In this paper, the results of an empirical analysis of a set of 416 descriptive case studies published by corporate members of the UN Global Compact are presented. Although these cases cannot be viewed as representative of the Compact itself or of corporate social responsibility (CSR) and development in general, they can illustrate which kinds of projects are deemed appropriate as best practice examples among Compact members, and therefore indicate the direction, in which predominantly voluntary and business-led CSR might at best be evolving. To help contextualize the analysis, the paper starts with a brief overview of recent academic work on the strengths and limitations of CSR in the light of international development, followed by the empirical analysis of Compact case studies. The results raise doubts regarding the general suitability of contemporary CSR initiatives to tackle some of the most pressing developmental challenges. Instead, only certain topics are commonly addressed, while a number of issues such as anti-corruption measures or labour rights are underrepresented in the case study sample. Regarding the target regions of the best practice examples, the majority is reported on activities based in OECD countries and a small number of emerging markets such as South Africa, India or China, while neglecting other regions such as sub-Saharan Africa (excluding South Africa). From a European Union policy perspective, these results indicate that there is a role to play for the state in order to create a better fit between CSR agendas and the actual developmental needs in the South.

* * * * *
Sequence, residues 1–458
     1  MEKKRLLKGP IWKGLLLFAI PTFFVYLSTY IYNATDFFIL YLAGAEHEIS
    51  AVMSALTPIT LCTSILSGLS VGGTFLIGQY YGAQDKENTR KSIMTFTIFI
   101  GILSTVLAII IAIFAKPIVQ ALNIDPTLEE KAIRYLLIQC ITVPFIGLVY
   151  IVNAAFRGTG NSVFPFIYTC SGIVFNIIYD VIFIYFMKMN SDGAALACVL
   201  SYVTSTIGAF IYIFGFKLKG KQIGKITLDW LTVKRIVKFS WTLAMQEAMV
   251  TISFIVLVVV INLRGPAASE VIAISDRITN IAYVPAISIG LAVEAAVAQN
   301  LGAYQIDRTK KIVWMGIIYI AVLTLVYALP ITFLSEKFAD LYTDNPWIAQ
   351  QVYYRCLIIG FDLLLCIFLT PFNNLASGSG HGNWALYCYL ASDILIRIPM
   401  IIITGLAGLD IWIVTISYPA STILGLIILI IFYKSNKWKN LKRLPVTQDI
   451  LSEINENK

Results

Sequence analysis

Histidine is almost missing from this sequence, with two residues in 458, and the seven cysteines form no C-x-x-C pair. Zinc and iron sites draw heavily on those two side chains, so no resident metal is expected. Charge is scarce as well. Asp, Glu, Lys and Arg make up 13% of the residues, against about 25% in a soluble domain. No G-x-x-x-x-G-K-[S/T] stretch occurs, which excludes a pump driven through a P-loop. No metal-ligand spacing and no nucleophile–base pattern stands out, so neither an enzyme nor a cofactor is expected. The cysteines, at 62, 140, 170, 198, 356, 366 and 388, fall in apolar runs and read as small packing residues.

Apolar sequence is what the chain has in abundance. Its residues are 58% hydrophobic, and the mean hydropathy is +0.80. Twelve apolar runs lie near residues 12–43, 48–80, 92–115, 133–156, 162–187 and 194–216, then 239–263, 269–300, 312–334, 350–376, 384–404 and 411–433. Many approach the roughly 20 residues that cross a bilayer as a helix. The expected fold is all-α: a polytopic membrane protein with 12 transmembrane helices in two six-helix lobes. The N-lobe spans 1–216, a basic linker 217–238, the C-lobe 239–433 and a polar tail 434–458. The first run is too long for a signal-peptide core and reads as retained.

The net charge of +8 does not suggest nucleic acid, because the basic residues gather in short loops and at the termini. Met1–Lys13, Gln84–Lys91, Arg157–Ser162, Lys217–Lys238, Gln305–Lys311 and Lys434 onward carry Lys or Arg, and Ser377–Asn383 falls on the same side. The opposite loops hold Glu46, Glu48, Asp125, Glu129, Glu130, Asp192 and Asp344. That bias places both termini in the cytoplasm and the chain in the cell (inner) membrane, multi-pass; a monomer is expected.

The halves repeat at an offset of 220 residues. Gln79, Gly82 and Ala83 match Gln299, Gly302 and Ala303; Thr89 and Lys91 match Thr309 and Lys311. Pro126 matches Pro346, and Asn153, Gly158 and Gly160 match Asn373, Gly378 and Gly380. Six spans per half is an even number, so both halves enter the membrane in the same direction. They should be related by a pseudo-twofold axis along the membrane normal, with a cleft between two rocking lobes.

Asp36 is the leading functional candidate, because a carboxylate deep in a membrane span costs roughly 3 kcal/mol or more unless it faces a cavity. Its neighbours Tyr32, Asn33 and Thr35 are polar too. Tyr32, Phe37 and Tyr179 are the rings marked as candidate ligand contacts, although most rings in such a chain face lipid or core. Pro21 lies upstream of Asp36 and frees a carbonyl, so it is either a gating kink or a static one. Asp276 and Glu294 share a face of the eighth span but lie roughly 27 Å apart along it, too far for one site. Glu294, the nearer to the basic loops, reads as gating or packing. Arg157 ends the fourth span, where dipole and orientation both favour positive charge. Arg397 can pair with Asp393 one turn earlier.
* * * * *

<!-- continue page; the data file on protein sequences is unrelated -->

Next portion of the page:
|Number of pages||17|
|Journal||Business Ethics: A European Review|
|Publication status||Published - 2009|